Perseverance, don’t listen to naysayers and keep a still centre!

What is your idea of perfect happiness?

Hanging out with my three grown up kids and dogs at home, wearing pjs and drinking cups of tea and watching a movie with them! This is always perfect happiness for me.

What is your most treasured possession?

My late mother’s wedding ring, that I wear, and my Steinway Grand piano.

What do you enjoy doing most?

I’m most at peace when I’m working.

Alexandra Harwood is an award-winning film composer, whose films have screened worldwide and include awards and nomination for BAFTA Cymru, BIFA, Anima Mundi, Edinburgh Film Festival, IDFA and Locarno.

After graduating from the Royal College of Music (Dip Mus) and then The Juilliard School (MA) Alexandra was composer in residence for the Juilliard Drama Division, during which time wrote for theatre productions in New York and England. Amongst numerous commissions that have been performed world wide are The Happy Prince (cantata for soloists, chorus and orchestra) libretto by Ronald Harwood, St John’s Smith’s Square, London; Untitled (voice and percussion) for Audra MacDonald, Avery Fisher Hall, NY; and  Sonatina (alto flute and pianoThe National Flute Convention, chosen repetoire,  2009,USA ; Theme and Variations-  written for Sir Ronald Harwood’s 70th Birthday, performed in the presence of HRH The Prince of Wales.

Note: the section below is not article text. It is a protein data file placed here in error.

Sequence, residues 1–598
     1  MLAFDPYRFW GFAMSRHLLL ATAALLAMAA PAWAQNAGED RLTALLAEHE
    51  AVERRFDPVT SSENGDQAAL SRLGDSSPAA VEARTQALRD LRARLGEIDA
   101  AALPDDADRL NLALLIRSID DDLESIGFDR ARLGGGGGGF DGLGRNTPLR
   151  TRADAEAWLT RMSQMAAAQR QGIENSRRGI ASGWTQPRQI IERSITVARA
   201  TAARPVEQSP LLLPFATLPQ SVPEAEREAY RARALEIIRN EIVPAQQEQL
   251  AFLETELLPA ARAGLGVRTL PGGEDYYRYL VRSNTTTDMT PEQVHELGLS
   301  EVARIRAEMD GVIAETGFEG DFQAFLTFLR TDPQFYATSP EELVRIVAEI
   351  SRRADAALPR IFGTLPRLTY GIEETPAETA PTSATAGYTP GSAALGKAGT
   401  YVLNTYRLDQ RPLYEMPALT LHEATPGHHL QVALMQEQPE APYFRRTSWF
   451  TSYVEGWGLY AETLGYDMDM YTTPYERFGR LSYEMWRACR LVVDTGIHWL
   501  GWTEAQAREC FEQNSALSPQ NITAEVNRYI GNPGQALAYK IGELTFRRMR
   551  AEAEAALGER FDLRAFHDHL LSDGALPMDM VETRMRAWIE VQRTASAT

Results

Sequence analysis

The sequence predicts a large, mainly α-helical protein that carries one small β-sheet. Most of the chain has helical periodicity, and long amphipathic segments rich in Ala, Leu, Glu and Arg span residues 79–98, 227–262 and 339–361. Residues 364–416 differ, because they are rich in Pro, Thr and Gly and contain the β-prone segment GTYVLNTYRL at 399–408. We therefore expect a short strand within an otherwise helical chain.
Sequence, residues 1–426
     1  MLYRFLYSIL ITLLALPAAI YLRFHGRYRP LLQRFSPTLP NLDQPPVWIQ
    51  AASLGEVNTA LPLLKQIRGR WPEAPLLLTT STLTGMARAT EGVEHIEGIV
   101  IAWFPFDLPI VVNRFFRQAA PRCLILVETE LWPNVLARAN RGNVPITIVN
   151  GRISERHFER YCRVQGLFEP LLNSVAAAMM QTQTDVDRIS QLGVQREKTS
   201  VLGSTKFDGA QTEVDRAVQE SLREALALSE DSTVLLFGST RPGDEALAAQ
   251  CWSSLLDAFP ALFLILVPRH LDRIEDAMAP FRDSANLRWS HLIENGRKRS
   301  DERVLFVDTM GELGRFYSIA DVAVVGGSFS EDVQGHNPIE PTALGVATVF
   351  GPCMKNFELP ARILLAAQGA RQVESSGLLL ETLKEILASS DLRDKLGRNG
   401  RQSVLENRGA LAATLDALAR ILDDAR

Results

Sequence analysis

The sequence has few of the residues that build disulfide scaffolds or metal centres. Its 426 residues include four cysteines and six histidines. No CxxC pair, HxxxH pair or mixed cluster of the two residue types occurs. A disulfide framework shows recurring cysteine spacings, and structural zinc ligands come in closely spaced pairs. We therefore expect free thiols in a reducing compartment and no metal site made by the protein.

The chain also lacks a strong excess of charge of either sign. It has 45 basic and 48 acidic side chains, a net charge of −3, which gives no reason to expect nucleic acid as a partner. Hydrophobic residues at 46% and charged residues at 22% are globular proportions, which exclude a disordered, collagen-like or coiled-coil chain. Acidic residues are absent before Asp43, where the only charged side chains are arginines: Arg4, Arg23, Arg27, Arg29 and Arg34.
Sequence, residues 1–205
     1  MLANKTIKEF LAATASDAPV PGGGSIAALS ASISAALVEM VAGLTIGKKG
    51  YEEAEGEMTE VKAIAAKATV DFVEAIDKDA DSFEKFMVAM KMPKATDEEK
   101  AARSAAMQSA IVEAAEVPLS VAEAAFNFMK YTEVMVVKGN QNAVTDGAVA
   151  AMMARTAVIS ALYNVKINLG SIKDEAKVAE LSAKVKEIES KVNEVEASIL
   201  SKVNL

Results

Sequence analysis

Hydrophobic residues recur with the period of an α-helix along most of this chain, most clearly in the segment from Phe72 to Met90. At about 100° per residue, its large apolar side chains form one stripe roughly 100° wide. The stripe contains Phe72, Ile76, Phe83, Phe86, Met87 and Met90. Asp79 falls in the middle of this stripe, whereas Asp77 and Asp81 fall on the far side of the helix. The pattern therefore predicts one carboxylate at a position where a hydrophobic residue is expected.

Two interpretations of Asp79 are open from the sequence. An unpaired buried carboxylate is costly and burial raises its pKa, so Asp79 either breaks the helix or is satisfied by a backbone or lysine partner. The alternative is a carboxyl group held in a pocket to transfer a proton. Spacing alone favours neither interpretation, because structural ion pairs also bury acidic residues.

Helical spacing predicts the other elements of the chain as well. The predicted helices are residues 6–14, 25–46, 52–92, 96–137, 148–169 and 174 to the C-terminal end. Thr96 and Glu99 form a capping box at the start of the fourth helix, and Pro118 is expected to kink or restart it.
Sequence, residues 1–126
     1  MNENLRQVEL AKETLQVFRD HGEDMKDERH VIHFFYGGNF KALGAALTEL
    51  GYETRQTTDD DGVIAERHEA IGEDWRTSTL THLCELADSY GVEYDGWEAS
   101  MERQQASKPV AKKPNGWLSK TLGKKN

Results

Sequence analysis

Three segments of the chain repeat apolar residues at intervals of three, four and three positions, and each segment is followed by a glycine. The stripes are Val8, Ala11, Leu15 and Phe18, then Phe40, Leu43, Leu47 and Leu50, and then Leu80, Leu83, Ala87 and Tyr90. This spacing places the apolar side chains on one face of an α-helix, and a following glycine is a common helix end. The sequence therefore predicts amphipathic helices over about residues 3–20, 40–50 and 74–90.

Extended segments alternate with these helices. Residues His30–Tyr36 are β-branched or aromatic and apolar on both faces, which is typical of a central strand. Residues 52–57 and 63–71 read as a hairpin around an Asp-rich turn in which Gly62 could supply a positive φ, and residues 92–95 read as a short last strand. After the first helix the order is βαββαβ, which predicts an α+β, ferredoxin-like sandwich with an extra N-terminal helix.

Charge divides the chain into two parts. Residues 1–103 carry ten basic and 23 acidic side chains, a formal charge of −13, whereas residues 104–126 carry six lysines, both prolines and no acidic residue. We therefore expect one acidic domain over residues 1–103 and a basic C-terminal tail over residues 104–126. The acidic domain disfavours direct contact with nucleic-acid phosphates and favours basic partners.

Experience in theatre and concert work led to taking an MA in film composition at the National Film and Television School, which began a career as a film composer.

Film scores include, Dancing in Circles (BAFTA Cymru winner 2015 dir. Kim Strobl), What A Performance! Pioneers of Popular Entertainment (BBC) , Z1 (BIFA winner 2013 dir. Gabriel Gauchet), Girlfriend in a Coma (BBC), Harry Potter Celebration (Warner Bros.), The Substitute (dir. Nathan Hughes-Berry), Satan Has a Bushy Tail (Film London. dir. Louis Paxton), Kids Say (Flourman Productions. dir. Lilian Fu), The Key (MewLab Productions. dir. Kim Noce and Shaun Clark), No Man’s Land (IDFA nomination 2013 dir. Michael Graverson), Four and Flat Frog (Inkymind Studios), Automatic Flesh (Ballet Rambert).